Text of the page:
One of Asia’s largest and most influential nations, India has long been a country of interest for those in the Western world. Home to some of the world’s most beautiful scenery, a selection of historical sites and significant cities, and a diverse range of different places to stay, India is a country that can defy description, especially for those that have never experienced it first hand.
With the cost of living in many countries on the rise and retirement benefits often failing to live up to the job, many would-be retirees are looking at India as a potential country of residence. Thanks to its low overall cost of living, its modern services, and its reasonably developed economy, India’s popularity as a potential retirement destination for Western people is growing at a rapid pace.
India is a very large country that’s home to the world’s second largest population. As such, it’s far from the type of destination that can be explained in a few words. With a wide range of big cities, some housing well over ten million people each, India offers a variety of urban centers for those seeking a ‘big city lifestyle’ with all of the amenities that they’ve come to expect at home.
India’s large cities, particularly ‘international’ cities such as Bangalore, Delhi, Mumbai, and others, are home to many of the amenities that foreign visitors will expect. With international restaurants, convenience stores, supermarkets, and large shopping malls, India’s largest cities offer many of the services that retirees are used to at home, often at a fraction of their standard price.
Smaller, second-tier cities such as Kolkata and Jaipur are also home to many of the amenities and services that expatriates would expect. Almost all of India’s larger cities – those with a population that’s over one million – are home to international banks and other financial institutions. As such, managing foreign or domestic accounts from within India is a simple and painless process.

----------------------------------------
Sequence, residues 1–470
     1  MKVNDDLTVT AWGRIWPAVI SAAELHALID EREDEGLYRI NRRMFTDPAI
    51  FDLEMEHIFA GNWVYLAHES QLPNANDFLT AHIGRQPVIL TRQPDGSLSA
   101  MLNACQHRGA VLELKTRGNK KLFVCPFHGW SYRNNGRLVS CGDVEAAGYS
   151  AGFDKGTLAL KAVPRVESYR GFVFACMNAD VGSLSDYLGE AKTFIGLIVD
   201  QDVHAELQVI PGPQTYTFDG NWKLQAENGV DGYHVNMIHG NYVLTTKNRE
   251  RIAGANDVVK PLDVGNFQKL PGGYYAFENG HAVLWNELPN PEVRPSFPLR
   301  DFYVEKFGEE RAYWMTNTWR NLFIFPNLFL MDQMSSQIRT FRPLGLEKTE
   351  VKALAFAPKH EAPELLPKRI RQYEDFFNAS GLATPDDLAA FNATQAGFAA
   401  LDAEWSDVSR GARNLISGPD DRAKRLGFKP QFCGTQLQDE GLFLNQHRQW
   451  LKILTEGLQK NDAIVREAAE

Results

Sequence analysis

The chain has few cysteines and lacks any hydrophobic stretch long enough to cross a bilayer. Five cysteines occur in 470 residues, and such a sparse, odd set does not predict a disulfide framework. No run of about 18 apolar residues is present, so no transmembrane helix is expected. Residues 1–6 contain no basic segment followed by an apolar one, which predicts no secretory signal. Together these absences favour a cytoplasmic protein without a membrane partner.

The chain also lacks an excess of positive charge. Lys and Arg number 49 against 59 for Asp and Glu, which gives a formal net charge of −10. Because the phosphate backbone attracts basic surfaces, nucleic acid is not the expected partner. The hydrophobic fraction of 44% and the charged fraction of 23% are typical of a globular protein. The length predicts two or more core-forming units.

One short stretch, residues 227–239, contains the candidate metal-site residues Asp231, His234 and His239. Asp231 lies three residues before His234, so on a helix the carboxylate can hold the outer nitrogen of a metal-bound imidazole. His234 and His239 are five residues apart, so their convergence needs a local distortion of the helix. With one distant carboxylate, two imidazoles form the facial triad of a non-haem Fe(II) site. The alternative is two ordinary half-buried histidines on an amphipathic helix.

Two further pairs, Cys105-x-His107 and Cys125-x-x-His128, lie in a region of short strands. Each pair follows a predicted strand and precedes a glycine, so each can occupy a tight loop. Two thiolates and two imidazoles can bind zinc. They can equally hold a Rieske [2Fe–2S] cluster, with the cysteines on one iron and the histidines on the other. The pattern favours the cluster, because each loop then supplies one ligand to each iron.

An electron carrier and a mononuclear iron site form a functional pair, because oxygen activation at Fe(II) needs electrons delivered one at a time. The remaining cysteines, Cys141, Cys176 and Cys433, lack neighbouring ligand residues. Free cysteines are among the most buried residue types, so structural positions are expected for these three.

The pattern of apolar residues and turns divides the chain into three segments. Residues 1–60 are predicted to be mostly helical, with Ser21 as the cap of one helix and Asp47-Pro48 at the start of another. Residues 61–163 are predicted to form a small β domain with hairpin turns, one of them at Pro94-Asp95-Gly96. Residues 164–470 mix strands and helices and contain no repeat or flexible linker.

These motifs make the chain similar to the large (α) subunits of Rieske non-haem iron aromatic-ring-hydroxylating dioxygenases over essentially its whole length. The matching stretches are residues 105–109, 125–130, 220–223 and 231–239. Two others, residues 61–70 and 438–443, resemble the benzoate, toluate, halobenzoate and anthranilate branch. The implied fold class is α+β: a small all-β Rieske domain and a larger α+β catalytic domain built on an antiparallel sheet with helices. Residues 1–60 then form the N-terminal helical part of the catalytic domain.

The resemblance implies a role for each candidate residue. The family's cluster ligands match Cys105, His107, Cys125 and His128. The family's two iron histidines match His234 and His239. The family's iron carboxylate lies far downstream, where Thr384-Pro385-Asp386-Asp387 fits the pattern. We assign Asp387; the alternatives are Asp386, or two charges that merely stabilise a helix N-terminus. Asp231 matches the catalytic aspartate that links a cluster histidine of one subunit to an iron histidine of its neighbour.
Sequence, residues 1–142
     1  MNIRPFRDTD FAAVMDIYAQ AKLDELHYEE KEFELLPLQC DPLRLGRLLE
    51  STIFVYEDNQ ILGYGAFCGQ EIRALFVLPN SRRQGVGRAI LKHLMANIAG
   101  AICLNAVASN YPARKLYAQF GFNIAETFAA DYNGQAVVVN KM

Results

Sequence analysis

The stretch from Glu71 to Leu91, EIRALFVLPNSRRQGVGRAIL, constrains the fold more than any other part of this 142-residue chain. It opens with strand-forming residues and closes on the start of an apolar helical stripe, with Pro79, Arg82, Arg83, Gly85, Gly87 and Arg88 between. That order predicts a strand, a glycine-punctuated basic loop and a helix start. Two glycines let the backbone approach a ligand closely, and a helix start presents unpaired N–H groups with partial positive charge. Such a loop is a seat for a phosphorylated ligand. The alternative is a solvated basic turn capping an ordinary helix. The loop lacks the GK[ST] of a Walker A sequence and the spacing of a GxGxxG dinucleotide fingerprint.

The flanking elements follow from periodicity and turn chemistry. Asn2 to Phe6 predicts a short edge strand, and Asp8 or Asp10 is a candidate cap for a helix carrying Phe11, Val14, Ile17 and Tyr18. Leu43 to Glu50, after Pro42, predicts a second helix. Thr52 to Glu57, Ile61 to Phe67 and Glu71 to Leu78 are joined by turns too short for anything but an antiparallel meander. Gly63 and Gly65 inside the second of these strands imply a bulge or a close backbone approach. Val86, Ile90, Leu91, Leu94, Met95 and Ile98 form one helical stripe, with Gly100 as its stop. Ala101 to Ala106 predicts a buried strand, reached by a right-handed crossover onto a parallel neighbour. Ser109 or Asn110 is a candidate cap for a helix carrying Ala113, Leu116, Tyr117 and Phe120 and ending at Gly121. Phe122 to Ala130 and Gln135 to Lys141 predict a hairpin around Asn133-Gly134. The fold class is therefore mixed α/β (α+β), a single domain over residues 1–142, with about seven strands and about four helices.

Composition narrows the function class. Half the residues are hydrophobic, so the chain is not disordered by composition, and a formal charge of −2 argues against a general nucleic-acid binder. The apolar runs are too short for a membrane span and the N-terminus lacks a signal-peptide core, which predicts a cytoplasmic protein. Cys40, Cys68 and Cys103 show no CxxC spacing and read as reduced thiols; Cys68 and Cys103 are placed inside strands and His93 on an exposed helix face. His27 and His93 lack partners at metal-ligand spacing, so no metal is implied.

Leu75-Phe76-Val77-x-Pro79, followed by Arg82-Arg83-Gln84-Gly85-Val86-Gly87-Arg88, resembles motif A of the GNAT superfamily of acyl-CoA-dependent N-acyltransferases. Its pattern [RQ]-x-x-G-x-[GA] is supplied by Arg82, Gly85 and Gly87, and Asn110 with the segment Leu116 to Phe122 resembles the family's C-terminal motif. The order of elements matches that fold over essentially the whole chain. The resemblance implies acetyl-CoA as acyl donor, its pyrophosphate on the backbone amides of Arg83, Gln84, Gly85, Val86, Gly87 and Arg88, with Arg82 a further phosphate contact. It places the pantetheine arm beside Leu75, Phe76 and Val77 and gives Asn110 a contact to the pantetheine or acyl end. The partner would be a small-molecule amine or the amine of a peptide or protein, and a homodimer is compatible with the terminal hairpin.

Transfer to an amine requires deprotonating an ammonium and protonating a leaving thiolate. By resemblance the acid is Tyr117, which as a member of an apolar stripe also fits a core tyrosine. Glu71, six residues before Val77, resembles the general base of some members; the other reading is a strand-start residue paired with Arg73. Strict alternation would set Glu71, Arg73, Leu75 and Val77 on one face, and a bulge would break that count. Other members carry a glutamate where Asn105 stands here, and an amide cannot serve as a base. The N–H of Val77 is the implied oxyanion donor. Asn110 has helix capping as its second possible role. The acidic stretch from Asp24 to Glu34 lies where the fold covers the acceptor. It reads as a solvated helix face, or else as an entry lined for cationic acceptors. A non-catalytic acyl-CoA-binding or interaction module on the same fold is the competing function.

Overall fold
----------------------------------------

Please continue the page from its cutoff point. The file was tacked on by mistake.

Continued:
India is relatively unrestricted when it comes to the free flow of capital from other countries, at least when compared to its neighbors. Residents of India are able to open domestic bank accounts if they can prove their residence through a tenancy agreement, as well as offer a valid visa. Most accounts for foreign residents are given no credit, but are fully capable of storing and transferring funds.
ATM machines from international banks, such as HSBC and CitiBank, are relatively easy to find in most Indian cities. Major cities such as Mumbai and Delhi generally have their own financial area, which is home to the offices of major international banks. As such, carrying out wire transfers from other countries, or simply withdrawing money locally, is generally a simple and quick process.
While India lacks a ‘retirement visa’ category, it does offer several long-term visas that are ideal for expatriates looking to settle down in the country. The standard tourism visa is available for periods up to six months, and back-to-back visas are often issued. This means that long-term residents can stay in India indefinitely using tourism visas, provided they leave the country every six months.
Tourist visas for American and British visitors are often issued for up to ten years, allowing holders to exit and re-enter the country without having to receive a new visa in the process. Other visas are available, including the Overseas Citizen of India program, which allows non-citizens of India that have family with Indian citizenship to pursue citizenship while residing outside the country.
Finally, business visas – including the ‘entry’ category of visa – are available from within India for those looking to work while in the country. Many retirees choose to start their own small business while residing in India, which allows them to pursue a long-term entry visa. These visas are able to be renewed and extended from within India, removing the need for a short trip outside the country.